Last year, in the final weeks, and then days, preceding the presidential election, the pundits were talking about how close the race seemed to be. They were intently focused on the “battleground states.” They worried (or were they really rubbing their hands together in eager anticipation?) that some of the state vote tallies might be so close as to trigger automatic recounts. And that could lead to legal challenges. There were echoes of Florida in 2000. It didn’t turn out that way, probably to the disappointment of some journalists (and maybe lawyers) and the relief of everyone else.
Explore This IssueACEP News: Vol 32 – No 02 – February 2013
But it brought to mind conversations I’d had during the six weeks or so of the contested election of 2000, that period between Election Day and the U.S. Supreme Court’s ruling. Perhaps, I said to the medical students and residents I was supervising in the emergency department, neither Bush nor Gore should want to be the winner, because of the tragic history of presidents elected in years ending in zero.
I noted that the last president elected in a year ending in zero, Ronald Reagan (1980), had been shot soon after taking office and come perilously close to death. Who, I asked them, was the last president before Reagan to be elected in a year ending in zero and not die in office?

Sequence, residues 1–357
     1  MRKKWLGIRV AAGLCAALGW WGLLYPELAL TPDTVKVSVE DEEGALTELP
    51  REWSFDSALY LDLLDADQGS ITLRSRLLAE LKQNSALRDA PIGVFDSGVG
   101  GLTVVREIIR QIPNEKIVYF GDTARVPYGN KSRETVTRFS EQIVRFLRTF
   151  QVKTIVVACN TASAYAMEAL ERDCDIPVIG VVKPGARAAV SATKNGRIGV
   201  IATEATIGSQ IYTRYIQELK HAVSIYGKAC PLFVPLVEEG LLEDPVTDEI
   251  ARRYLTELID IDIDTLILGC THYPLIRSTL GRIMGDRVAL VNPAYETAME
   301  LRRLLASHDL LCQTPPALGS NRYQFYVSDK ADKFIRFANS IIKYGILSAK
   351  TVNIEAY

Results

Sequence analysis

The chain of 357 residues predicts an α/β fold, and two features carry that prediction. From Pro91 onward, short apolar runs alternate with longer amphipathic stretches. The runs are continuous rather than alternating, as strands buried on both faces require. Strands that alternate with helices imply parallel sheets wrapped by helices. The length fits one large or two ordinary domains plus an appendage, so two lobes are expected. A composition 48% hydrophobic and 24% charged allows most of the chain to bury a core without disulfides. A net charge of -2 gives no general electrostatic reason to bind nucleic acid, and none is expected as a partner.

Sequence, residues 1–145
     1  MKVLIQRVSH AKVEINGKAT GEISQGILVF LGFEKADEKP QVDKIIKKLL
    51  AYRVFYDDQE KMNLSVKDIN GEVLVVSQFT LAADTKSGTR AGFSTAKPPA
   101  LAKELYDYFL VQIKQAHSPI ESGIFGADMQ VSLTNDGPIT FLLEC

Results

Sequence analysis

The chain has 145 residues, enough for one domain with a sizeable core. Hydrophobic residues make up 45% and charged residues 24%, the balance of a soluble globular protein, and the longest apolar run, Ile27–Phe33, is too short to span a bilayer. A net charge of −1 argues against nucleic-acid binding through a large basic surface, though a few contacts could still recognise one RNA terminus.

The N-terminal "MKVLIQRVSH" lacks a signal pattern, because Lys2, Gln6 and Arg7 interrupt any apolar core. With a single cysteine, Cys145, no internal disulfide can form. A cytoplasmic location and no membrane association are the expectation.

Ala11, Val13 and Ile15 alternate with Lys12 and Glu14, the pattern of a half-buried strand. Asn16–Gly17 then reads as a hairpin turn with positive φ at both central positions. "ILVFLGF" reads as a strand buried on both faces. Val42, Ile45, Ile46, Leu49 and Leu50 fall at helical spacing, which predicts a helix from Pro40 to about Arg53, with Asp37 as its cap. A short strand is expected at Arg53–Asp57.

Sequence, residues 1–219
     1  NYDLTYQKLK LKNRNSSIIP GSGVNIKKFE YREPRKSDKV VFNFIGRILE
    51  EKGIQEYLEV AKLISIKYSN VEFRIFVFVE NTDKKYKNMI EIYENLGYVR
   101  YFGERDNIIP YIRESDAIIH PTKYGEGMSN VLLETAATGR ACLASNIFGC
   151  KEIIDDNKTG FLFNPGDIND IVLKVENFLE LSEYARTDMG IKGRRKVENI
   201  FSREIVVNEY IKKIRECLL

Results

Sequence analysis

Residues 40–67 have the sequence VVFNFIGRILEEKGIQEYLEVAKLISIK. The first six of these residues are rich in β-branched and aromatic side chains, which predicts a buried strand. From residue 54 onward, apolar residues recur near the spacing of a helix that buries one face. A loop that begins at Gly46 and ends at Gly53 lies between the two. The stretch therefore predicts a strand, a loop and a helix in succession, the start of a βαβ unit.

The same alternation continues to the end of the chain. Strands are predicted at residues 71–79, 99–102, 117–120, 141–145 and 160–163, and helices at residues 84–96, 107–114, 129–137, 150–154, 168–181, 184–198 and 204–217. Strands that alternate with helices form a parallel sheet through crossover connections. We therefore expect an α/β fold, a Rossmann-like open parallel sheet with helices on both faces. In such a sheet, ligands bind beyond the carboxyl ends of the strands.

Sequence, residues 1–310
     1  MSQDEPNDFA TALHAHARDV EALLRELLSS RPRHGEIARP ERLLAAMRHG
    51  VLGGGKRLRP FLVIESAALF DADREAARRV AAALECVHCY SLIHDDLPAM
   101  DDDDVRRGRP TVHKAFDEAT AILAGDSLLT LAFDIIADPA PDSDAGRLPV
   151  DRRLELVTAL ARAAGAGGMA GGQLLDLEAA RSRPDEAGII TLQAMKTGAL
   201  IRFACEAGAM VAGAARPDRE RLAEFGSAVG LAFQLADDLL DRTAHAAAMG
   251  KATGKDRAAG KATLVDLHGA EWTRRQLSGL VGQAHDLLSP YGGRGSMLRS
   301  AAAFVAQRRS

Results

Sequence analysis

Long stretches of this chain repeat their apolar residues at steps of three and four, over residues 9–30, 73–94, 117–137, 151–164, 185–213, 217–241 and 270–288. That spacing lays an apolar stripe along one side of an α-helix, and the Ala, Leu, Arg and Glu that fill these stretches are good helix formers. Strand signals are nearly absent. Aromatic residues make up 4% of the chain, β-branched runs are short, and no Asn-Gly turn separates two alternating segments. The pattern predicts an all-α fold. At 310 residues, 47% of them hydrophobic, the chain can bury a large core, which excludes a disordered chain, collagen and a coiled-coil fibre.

I didn’t expect anyone to know the answer straight away. I wanted to see how they would approach the question, what they knew of presidential history, which I would be able to tell if they tried to work their way back through the years that were multiples of 20 – the presidential election years ending in zero.
Nearly all (I was aghast that it was not all) knew that John F. Kennedy was elected in 1960 and assassinated. But things went downhill quickly from there. Most did not know that Franklin Roosevelt was elected in 1940 (and, of course, also 1932, 1936, and 1944) and died in office (in the spring of 1945, from a cerebral hemorrhage), to be succeeded by Harry Truman.
As I recall, exactly no one knew that Warren Harding was elected in 1920, died in office, and was succeeded by Vice President Calvin Coolidge. I believe one person knew William McKinley was elected in 1900, assassinated by an anarchist, and succeeded by Teddy Roosevelt.
James Garfield was shot in 1881 by a psychotic man who believed Garfield should have recognized the work he’d done on behalf of the presidential campaign (which was trivial) and appointed him to an important job. The bullet wound was actually not that bad – nowhere near as serious as the one that almost took the life of Ronald Reagan. Garfield was more a victim of the terrible medical care he received. No one knew that. I can’t say I was surprised, but I was disappointed just the same, if only because the medical part of the story was so important.